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Zombiedon, Stick with Golden Formula as Empires Crumbles

Stock-Markets / Financial Markets 2011 Jul 18, 2011 - 04:25 AM GMT

By: Bill_Bonner

Stock-Markets

Best Financial Markets Analysis ArticleYesterday, the concrete cracked…the glass broke…empire continued to crumble.

Not that there was anything special about yesterday. This happens every day.

In the markets, the Dow fell 54 points. Gold rose to a new record of $1,587.


“Sell stocks on rallies; buy gold on dips.”

That has been our advice for the last 11 years. Don’t we have anything to add? Haven’t we discovered any new tricks? Isn’t it time to try a different strategy?

Nope. Stick with the formula. It’s a formula that doesn’t work very often. But when it does…it’s, well, golden.

It doesn’t work very often because empires and their money don’t fall apart very often. Usually, you can trust Caesar and coin to stay put. More or less. But now, Caesar’s money is phony. And it has allowed the empire to grow in absurd and grotesque ways…so its center of gravity no longer rests on a solid foundation. The whole thing tilts to the left…and appears close to toppling over.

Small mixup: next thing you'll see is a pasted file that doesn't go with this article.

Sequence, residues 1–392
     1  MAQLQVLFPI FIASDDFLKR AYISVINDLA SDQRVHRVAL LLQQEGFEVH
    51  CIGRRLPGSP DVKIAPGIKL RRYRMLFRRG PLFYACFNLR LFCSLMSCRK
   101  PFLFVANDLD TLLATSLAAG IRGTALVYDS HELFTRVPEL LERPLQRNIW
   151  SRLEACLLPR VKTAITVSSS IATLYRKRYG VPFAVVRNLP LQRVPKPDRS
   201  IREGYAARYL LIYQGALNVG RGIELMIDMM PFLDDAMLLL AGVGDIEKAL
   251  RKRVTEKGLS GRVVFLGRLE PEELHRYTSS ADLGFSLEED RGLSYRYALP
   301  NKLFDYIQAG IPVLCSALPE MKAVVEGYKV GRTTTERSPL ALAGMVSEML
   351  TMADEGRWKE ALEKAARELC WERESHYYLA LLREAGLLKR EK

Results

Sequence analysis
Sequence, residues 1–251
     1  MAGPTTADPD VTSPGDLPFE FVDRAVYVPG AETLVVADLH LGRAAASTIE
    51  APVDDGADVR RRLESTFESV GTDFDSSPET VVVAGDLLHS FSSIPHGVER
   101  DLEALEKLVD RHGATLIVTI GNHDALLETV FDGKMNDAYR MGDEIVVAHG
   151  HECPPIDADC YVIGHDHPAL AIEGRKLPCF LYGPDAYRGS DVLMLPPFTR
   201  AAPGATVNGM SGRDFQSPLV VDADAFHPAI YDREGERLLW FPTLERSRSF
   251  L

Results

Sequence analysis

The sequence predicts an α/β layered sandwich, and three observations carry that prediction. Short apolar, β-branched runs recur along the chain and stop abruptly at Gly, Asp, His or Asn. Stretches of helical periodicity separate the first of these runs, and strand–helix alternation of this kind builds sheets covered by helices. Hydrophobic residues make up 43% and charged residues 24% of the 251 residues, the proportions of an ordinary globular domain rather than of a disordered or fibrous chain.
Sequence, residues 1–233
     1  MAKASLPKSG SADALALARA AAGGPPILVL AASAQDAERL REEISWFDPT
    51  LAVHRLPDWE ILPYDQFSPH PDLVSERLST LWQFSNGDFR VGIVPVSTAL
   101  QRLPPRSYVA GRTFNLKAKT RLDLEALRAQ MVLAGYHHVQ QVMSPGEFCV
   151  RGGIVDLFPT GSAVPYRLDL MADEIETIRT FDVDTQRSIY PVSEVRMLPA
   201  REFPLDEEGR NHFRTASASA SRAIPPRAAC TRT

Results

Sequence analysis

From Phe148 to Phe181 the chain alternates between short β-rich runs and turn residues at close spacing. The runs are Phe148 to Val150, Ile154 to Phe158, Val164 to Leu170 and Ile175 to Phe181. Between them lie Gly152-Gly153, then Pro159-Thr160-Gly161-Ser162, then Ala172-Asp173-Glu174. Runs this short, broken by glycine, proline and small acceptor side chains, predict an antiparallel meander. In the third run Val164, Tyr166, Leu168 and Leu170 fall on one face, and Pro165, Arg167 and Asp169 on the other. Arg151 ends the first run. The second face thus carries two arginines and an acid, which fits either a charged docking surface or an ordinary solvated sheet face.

According to the papers, Republicans and Democrats work feverishly to set things right. The Republicans want spending cuts, but no new taxes. The Democrats want higher taxes…but few spending cuts.

Surely they’ll get their act together sooner or later, say the journalists. If not, it will be like “committing suicide,” says a source in The Financial Times.

Hmmm…

If so, we’d like to offer a sharp razor. Our reading of history shows that governments don’t stop borrowing and spending until they have to. And the sooner they have to – that is, the sooner the markets tell the politicians to “Drop Dead” – the better off they are.

But that is not likely to happen. Congress has raised the debt ceiling 93 times in the last 94 years. Our guess is that it will strike a deal and do so again. That way, Congress, the White House and the vast bureaucracy can get back to doing what they do best – wrecking the economy.

Eventually, the markets will call a halt. But that is probably well in the future.

And here’s someone who shares our views. CNBC has the story:

A US default isn’t a matter of “if” but “when,” David Murrin, chief investment officer at Emergent Asset Management, told CNBC.

“It’s inevitable that the US will default – it’s essentially an empire which is overextended and in decline – and that its financial system will go with it,” he said.